Wednesday, May 18, 2011

Try The International Angle

Desparate times call for desparate measures, to borrow the cliche. This real estate market is certainly as desparate as many of us have seen in our lifetimes.

Sellers shouldn't give up hope, even if their agents have. I have commented several times over the past couple of years about looking to identify the logical potential buyer for your property. Face it, if your property has been listed for weeks (or longer), chances are the one buyer you need is not local, or has not been approached with an enticing reason to act.

While doing some research for one of my clients, I came upon an interesting piece from this past weekend. It contains suggestions for Canadians about steps to take in order to purchase U.S. real estate, and explains some of the factors to consider.

Upon first reading, the article seems complicated. Then again, I don't know Canadian tax laws and how their financial dealings within the U.S. work in comparison to this country.

This brings me to an important point. Properties are not selling. Yet, too many realty agents are staying within their territory, comfort zone, and the same approach no matter what. Sellers should expect more, or start doing their own research and homework to help their property sell.

Instead of reading the constant flow of negative sales statistics and passing out business cards at the local flower show, agents should be at the library or online researching the answers to questions they have about the Canadian tax laws raised in this story. I would do that in an attempt to find out which price range(s) would be most appealing to Canadians. If I had to, I would contact a financial planner or expert I know and have him or her help me with answers.

And I would do this by this Friday, with the idea of identifying a price range and ways to make properties appeal to Canadian buyers both financially and logistically.

Why by Friday? Because I would want to place an advertisement for the coming weekend's publication, perhaps the Globe & Mail which ran this story. They would be publishing stories geared toward their target audience, which tells me they are reaching at least some affluent investors who would find the story interesting.

If those same people saw an advertisement the following week (while the original story is still fresh in their minds) it would likely draw some responses.

Presto. I could gain some Canadian buyers ready to move on one or more properties to their liking, and demonstrate the financial advantages to them. And then collect buyer commissions in the near future, while developing a network for the future.

If I had a large property to sell, I would probably do this personally, and then tell my realty agent I have a buyer but I'd want a commission reduction because I got that buyer on my own. Even if I don't get that consideration, I would have helped to get my property sold while others are still sitting around on the market.

Although I don't normally give away my commission generating ideas this easily, for the sake of example, here is the article I'm referring to:

Keep thinking about who COULD buy your property, instead of retreading who can't or won't.

Tuesday, May 10, 2011

One Sale Does Not Change The Market

I'd like to think it was a reporter's attempt to make a story look like an important news story. No matter how large the amount of the transaction, this multi-million dollar mansion purchase is not a "market changer":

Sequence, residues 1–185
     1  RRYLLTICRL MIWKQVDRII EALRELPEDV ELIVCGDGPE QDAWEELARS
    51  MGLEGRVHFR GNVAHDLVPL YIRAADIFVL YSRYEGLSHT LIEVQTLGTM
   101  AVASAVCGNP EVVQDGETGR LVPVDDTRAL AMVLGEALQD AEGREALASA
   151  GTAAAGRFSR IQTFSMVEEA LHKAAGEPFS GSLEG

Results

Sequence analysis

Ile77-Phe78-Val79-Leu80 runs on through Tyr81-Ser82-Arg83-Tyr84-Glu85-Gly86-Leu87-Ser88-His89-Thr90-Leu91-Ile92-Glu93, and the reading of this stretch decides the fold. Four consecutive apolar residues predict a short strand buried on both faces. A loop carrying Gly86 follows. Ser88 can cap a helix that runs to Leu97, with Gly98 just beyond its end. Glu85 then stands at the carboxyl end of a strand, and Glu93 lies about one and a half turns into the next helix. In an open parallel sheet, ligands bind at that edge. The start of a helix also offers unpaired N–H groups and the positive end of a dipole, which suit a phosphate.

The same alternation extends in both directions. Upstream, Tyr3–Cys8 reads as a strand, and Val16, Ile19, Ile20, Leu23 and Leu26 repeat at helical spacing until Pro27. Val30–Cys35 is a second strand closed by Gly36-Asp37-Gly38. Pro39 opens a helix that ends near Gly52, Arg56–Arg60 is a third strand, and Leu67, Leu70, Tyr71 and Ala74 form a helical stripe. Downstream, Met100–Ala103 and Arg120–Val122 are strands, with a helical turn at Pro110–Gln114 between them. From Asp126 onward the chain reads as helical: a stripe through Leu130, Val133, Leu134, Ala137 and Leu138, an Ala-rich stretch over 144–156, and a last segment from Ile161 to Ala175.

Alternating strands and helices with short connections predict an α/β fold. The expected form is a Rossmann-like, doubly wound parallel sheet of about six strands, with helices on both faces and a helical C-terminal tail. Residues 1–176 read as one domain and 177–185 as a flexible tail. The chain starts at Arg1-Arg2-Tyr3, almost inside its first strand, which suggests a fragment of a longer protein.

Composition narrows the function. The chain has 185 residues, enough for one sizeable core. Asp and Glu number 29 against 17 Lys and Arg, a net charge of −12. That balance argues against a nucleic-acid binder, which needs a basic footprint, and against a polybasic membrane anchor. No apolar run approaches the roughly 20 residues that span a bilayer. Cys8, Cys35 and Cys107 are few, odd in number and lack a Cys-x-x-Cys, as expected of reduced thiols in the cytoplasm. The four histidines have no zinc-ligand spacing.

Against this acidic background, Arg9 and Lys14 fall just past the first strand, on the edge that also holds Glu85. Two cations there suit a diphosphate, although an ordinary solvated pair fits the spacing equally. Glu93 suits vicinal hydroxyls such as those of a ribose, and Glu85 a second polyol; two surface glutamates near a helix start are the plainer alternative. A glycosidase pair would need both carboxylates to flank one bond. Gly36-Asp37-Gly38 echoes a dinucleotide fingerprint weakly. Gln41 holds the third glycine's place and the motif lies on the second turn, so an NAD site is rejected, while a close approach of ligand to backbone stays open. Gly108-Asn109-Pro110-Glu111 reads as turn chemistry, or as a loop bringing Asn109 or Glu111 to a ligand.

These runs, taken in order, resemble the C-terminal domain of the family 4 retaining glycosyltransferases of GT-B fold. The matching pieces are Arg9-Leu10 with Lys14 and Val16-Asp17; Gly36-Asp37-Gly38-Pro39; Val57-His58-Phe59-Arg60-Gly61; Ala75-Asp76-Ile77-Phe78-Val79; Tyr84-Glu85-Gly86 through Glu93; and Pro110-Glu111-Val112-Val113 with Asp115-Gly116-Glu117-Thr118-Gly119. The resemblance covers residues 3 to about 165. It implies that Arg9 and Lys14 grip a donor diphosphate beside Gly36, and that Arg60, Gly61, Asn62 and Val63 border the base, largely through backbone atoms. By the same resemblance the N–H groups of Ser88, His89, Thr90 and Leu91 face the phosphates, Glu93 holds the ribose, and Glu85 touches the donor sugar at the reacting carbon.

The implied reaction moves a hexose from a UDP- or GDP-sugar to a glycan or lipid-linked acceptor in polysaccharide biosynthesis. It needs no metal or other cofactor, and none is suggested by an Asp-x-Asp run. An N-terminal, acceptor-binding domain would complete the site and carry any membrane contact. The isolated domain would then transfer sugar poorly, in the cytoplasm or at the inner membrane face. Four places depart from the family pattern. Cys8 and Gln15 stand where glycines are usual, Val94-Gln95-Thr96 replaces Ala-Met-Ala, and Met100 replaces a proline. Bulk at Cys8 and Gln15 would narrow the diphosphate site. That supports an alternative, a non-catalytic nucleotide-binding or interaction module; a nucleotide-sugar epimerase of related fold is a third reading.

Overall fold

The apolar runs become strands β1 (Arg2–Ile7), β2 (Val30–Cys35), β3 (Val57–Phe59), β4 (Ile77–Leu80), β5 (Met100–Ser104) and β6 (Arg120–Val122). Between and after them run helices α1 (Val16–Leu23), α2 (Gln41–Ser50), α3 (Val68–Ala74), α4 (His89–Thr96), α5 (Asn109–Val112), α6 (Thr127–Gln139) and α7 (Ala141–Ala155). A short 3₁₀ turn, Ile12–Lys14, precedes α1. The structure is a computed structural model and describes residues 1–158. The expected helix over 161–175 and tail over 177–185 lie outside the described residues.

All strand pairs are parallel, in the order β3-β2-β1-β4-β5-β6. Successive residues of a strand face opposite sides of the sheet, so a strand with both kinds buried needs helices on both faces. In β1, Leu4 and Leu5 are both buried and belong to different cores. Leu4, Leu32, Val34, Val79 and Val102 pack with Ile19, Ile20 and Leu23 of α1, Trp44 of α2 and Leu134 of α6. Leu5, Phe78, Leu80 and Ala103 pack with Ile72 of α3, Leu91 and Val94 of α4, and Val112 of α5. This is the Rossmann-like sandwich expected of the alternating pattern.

This story won't put a halt to other sales. But it also does not signal any trend. It is one transaction. In any real estate market, there are a limited number of multi-million dollar residential real estate transactions.

However, the story does cast a slightly negative light on the local market, and that is not good when it comes to the marketing of real estate. This story goes as far as to point out that this single transaction has a lot to do with the reported 18% increase in home sale prices for the quarter. Even though the property actually sold for less than it could have in better markets.

In other words, another potentially positive local real estate statistic shot down in flames. In this instance, it was by a reporter and not by a realty association, which seems to be the case in so many other cities.

As I have been saying for all these months, we need to change the "reporting" in order to change the mindset for marketing available properties.

I would like to think the reporter meant to say "Someone out there is willing to invest big bucks in the local real estate market" in a positive slant. Yet, adding in that this transaction was the reason for a home price increase and making it appear to be starting a trend took away any intended positive message.

Tuesday, May 3, 2011

The Rent vs. Buying Debate Continues

This is about to sound like I'm contradicting some past columns, but I don't think so. web site has introduced statistical research designed to show that in many large cities it is "better" to buy a home than to rent.

Obviously, I'm in favor of ways to get homes to start selling at a much higher pace around the country. Yet, I don't think this is a way to accomplish this. For as much as I use statistics to make a point, to enhance my enjoyment of sports, and for a variety of reasons, I also understand that there are instances where statistics need to be better qualified to make the intended point(s).

In this case, the "decision" of whether to buy or rent is not based on statistical reasoning. The plane is not equal.

Fewer and fewer potential home buyers can qualify for a mortgage these days. Even fewer have sufficient funds for enough of a down payment to purchase and then secure a mortgage. Each time either or both of those situations occur, it takes away the "rent or buy" as an actual option. If they can't afford to buy, then renting becomes the only option.

Many people already know that the current real estate market is a buyers' paradise. Yet, as our elementary school teachers would have told us in this sentence, the same market does not contain a paradise of buyers.

What the statistics in the article fail to point out is that the majority of the people are not making the choice they are basing their information on.

One of my suggested results actually reduces the distinction between renting and buying, and it would open up both avenues for years to come.